When I received the flight plan I noticed that the company had already used all legal possibilities to improve our payload. Today we were both limited by tank capacity and Maximum Takeoff Weight. The minimum required fuel for our flight today would be 18700kg, which is exactly the published tank capacity of the A320. There is a possibility to have one or more additional tanks installed, however this is rather uncommon and our airplane today didn’t have them. With the full load of passengers we had an estimated takeoff weight 76.9 tons, 100kg short of the structural limit of 77 tons. We use a special application on our iPads to calculate the loading. When I entered the values that I estimated before the flight I discovered an other issue. Close to Maximum Takeoff Weight the aircraft is also limited by the Center of Gravity, i.e. the distribution of the loading [1]. With only a few bags the airplane would be too nose heavy, with too many bags the airplanes would be overweight. We only know the actual amount of passengers and checked in bags after the check in closes a short time before the flight, so we decided to wait and decided when we had some real figures. In these situations a decision has to be made to either leave passengers and their bags behind or to make a fuel stop. However making a fuel stop would have brought up the issue of maximum working times. A fuel stop adds around 1 hour of delay and because there will be an additional flight the maximum allowed flight time is reduced by 30 minutes – so in our situation a fuel stop would likely involve staying in a hotel in Gran Canaria and canceling or delaying the return flight by around 12 hours.

When we arrived at the airport we were told that many passengers were children and we had 153 bags, which was more than I anticipated. We put the values into our iPad App and noticed that we were exactly on the Center of Gravity limit and around 50kg below the maximum takeoff weight. However with our fuel load we would just be able to fly at the most economic speed, i.e. slower than normally and the company also used a procedure that enabled us to reduce the additional fuel carried, but meant that we had a Decision Point [2], over the Atlantic southwest of Portugal, at which we needed a minimum quantity of fuel. If we didn’t have it at this point we would have to divert to Faro in southern Portugal, if we had this quantity at this point we could continue to Las Palmas.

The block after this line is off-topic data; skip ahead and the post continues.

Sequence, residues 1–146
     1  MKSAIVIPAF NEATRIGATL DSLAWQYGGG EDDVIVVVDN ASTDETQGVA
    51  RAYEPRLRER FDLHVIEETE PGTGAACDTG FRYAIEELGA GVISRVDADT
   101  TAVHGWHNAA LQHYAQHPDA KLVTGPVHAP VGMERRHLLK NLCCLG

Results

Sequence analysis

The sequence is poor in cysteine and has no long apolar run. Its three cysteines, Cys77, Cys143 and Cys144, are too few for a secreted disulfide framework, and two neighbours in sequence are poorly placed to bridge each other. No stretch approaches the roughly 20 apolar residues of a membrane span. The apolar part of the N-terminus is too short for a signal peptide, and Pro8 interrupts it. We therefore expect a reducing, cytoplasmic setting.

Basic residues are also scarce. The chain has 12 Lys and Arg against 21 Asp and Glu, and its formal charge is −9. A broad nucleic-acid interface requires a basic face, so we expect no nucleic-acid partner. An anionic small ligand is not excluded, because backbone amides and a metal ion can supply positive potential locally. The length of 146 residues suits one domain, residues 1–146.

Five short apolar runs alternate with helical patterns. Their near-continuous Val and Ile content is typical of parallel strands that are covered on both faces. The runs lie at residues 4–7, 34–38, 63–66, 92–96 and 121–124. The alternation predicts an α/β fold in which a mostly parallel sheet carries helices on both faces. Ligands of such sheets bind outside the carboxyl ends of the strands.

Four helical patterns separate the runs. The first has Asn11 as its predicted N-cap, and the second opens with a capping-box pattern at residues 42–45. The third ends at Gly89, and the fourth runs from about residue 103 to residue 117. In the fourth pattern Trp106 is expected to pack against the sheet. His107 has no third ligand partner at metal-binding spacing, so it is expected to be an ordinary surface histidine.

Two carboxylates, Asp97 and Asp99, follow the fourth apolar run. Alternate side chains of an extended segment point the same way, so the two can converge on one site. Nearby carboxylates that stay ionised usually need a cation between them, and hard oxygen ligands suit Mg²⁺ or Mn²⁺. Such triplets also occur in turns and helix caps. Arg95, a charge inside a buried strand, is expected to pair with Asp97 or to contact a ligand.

We departed at just under 77 tons and headed towards the UK. With our low speed against the headwind we expected a flight time of just under 6 hours. Air Traffic Control asked us a few time to speed up for the benefit of traffic behind us, but we managed to negotiate to continue at a slow speed and we also managed to maintain our altitude as close to optimum as possible. When we approached the decision point after around 4 hours flight time we noticed that it would be tight. We had already obtained the weather for our destination airport. I was a typical day in the canary islands, 25°C and generally good weather but strong winds. Our alternate airport was also useable. We passed the decision point with around 160kg more than we needed and estimated to land at the destination with around 200kg above the minimum required reserves, i.e. around 5 minutes of flying time. If there was some issue at the destination we still had to option of diverting to our alternate Tenerife and 30 minutes of ‘final reserve fuel’. Luckily there was not much traffic in Las Palmas and we landed in the strong winds in Las Palmas after just under 6 hours in the air. During our descend we got a nice view of the Teide volcano [3] on the neighboring island of Tenerife.

Mount Teide as seen from the aircraft

When we parked we had around 2400kg in the tanks, the minimum quantity to make the decision to go to Tenerife would have been 2200kg.

We felt a bit tired after this flight, but on the way back we only had around 150 passengers and also a tailwind, so we were not limited on that flight and added some extra fuel. Due to our slow speed on the first flight we had some delay now, but we could compensate for this by going faster on the way back. With the higher speed and the tailwind we estimated a flight time of under 5 hours. The sun set while we were crossing into Portuguese airspace, but once we travelled further north we could already see some light just after midnight. The sun below the horizon was illuminating some clouds which reflected the light. This phenomenon is known as noctilucent cloud [4].

Noctilucent clouds over the North Sea

When we landed the sun hadn’t risen yet, but it was already really bright at around 2am. After this long and exhausting day we were all happy to go to sleep.

[1] Center of Gravity
[2] Fuel Planing
[3] Mount Teide
[4] Noctilucent clouds